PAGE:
17

About the word:

In Persian, Saghi is someone who pours wine and hands it. In Iran, when friends gather to drink wine together, they sit around and one of them (with a rather higher social status among them) pours wine into a glass and first drinks it himself, then pours another one (into the same glass) and hands it to the next person. Then the third person drinks and so on ... until all persons in the circle have their turns, so at the end of the first round, all have taken a gulp of wine. Then, the Saghi starts over distributing wine until they are all done. Sometimes Saghi is not one of the friends in the circle. In these cases, it may be a male or female servant who serves others.

This tradition has been in place for more than one thousand years and there are a lot of poems praising saghi (for his/her beauty or kindness or ....).

I have looked up this word in google translator and it suggests butler that does not seem to be correct. Other equivalents that I have come up with are bartender, barman, and barmaid that do not seem to be correct.

Have you any idea what word can we use when translating texts (especially poems) containing this word? Thank you very much.

  • 2
    The word closest in meaning I can think of is sommelier, but that doesn't encompass all the meanings of the word you've described. – Tragicomic Oct 2 '15 at 4:57
  • 9
    I think simply host. It's not particularly fitting, as you see something like geisha translated into hostess, but host/hostess would usually imply the facilitator of the evening while also allowing for it alternatively to be someone compensated for their ability to engender enjoyment by the guests. – stevesliva Oct 2 '15 at 6:31
  • 1
    By analogy to "Water boy", the one who keeps a group (as of football players) supplied with drinking water, "Wine boy" (or wine girl) is a possibility that conveys the idea of team, but not the drink sharing. – Graffito Oct 2 '15 at 13:34
  • 1
    Sounds like good camaraderie. – Nick Gammon Oct 3 '15 at 7:39
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    Somewhat humorously, you may be able to get away with using mother, though that usually refers to tea, not wine (and doesn't include the whole pass-the-cup-around ceremony). – Janus Bahs Jacquet Oct 3 '15 at 8:56
30

If you want to know what word to use when translating poems, I think it would be best to look at what human translators have used in the past, rather than turning to Google Translate. Here is a poem translation "Saghi-Nameh" where the word "bearer" is used (the term "wine bearer" might be used to clarify the meaning).

Two other terms, "wine server" and "cup bearer," are listed in this Wikipedia article: Persian Wine.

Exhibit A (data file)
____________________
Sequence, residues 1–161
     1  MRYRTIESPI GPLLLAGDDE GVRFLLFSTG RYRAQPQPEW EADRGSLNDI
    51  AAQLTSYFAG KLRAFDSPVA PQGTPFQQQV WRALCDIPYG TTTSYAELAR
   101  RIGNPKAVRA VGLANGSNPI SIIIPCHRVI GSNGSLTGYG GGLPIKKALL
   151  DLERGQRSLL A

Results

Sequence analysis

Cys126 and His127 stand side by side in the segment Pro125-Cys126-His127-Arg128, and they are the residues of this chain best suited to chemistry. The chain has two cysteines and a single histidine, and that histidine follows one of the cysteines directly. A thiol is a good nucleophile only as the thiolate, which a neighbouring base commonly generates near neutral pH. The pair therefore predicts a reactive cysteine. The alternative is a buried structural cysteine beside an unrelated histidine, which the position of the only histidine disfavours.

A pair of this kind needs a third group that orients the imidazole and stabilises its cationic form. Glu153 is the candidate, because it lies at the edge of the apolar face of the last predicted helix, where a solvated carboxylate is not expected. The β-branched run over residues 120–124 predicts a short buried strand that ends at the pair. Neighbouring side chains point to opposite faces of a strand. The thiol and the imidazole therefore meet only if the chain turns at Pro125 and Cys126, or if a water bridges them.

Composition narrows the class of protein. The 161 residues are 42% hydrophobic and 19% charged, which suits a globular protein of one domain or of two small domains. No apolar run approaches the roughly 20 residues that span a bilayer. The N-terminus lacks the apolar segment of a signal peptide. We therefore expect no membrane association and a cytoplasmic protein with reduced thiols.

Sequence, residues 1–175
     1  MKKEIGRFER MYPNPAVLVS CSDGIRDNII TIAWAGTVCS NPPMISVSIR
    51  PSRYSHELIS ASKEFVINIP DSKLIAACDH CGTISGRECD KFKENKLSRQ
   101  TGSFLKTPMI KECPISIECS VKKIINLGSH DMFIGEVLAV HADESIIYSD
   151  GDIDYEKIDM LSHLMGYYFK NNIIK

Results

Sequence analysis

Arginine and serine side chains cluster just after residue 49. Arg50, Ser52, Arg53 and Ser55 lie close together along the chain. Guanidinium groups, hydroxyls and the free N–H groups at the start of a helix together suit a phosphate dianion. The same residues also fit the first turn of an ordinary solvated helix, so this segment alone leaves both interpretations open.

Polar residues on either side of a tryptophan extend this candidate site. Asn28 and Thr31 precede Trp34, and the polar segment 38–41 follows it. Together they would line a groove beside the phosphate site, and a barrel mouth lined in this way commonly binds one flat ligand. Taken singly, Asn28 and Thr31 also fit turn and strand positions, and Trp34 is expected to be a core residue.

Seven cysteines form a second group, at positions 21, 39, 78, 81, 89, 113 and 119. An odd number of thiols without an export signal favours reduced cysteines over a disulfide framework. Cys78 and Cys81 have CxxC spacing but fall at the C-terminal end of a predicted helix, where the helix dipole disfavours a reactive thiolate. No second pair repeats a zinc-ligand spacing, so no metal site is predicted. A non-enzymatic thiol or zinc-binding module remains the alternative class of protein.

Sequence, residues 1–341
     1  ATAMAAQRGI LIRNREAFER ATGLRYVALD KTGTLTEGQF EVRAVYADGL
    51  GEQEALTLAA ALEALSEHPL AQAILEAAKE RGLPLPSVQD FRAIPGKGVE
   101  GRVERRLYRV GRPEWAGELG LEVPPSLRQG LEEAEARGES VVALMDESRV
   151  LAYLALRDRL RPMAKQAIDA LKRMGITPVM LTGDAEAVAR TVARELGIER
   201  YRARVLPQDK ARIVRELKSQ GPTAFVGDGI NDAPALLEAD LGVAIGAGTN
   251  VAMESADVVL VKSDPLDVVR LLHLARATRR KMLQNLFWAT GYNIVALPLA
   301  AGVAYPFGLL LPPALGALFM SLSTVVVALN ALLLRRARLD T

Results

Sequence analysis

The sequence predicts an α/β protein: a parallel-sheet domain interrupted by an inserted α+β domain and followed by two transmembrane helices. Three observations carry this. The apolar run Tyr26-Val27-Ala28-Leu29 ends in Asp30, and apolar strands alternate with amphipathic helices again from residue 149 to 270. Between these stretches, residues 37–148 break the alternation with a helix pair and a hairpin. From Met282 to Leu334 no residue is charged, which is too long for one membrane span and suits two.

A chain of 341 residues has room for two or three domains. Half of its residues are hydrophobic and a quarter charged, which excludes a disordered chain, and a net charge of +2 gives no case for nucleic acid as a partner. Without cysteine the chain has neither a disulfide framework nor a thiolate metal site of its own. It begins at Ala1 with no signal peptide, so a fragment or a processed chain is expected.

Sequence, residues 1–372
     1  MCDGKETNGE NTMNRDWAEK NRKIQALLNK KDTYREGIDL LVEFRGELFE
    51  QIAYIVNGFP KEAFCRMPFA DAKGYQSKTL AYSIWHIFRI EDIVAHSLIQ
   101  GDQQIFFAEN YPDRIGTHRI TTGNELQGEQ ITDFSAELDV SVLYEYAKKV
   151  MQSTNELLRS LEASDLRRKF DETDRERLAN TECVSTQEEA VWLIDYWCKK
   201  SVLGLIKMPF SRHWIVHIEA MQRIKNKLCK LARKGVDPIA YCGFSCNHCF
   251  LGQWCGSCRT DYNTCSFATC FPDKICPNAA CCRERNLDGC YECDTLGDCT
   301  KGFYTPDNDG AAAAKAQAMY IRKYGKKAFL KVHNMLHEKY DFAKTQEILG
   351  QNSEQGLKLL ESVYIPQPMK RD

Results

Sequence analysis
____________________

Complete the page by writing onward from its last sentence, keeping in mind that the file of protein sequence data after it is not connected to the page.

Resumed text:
To me, "wine bearer" and "cup bearer" sound old-fashioned, but the custom itself would probably seem old-fashioned in English-speaking countries. The term "wine server" sounds less old-fashioned.

  • 1
    The only problem with "wine server" or "cup bearer" is that they make it sound like a chore or something someone does quietly unnoticed in the background, like a waiter. It sounds like a "saghi", however, is an esteemed role that is more central to proceedings – user56reinstatemonica8 Oct 3 '15 at 8:37
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    A cup-bearer was never a servant @user568458 – Ben Oct 4 '15 at 9:59
  • @Sumelic There is a "musical version" of the concept "Saghi Nameh" see for example youtube.com/watch?v=atSFajDLOLI – Ali Taghavi Oct 25 '17 at 12:23
  • @AliTaghavi: Thanks for the link! That was fun to listen to – herisson Oct 26 '17 at 1:02
20

As saghi is a typical Persian thing I don't think you will find an English word that would fit. I would take the Persian word and give a short explanation as "the cupbearer" or "he or she who pours the wine for the guests".

14

We don't have any traditions involving wine like that, so there really isn't a word for that person. (It certainly isn't a butler). A person who pours you wine in a restaurant is a waiter and if that person is a wine expert they may have the title sommelier

A sommelier (/ˈsɒməljeɪ/ or /sʌməlˈjeɪ/; French pronunciation: ​[sɔməlje]), or wine steward, is a trained and knowledgeable wine professional, normally working in fine restaurants, who specializes in all aspects of wine service as well as wine and food pairing. The role is much more specialized and informed than that of a wine waiter: in fine dining today, it has been opined that, the role is strategically on a par with that of the executive chef or chef de cuisine.

But sommeliers are generally unknown to the diner, and certainly would never drink from the same glass the customer does and their services are only provided professionally in the restaurant.

  • 1
    +1 Ah! I see you were typing out an answer while lazy ol' me was typing out a comment. Excellent! – Tragicomic Oct 2 '15 at 5:01
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    Actually very often / almost always the sommelier does NOT pour the wine. Basically she will help you choose a bottle (and indeed generally manages the wine stock of the restaurant). Typically after the sommelier helps you choose a bottle, the "ordinary" waiters will decork, and indeed pour. Sometimes the sommelier will decant the wine personally; again it's then more likely the waiters will actually pour it for you. – Fattie Oct 2 '15 at 17:17
  • And as Jim has already explained nicely, a sommelier is not, really, like a saghi as described. – Fattie Oct 2 '15 at 17:17
9

It's always tricky to translate words for ethnically-specific customs and roles. Sommelier and waiter are certainly wrong, as both words denote employees in a commercial establishment; so do barman,barmaid, etc. And as it seems that a saghi can be either the host, one of the guests, or a servant; which means that host or butler aren't equivalent, either.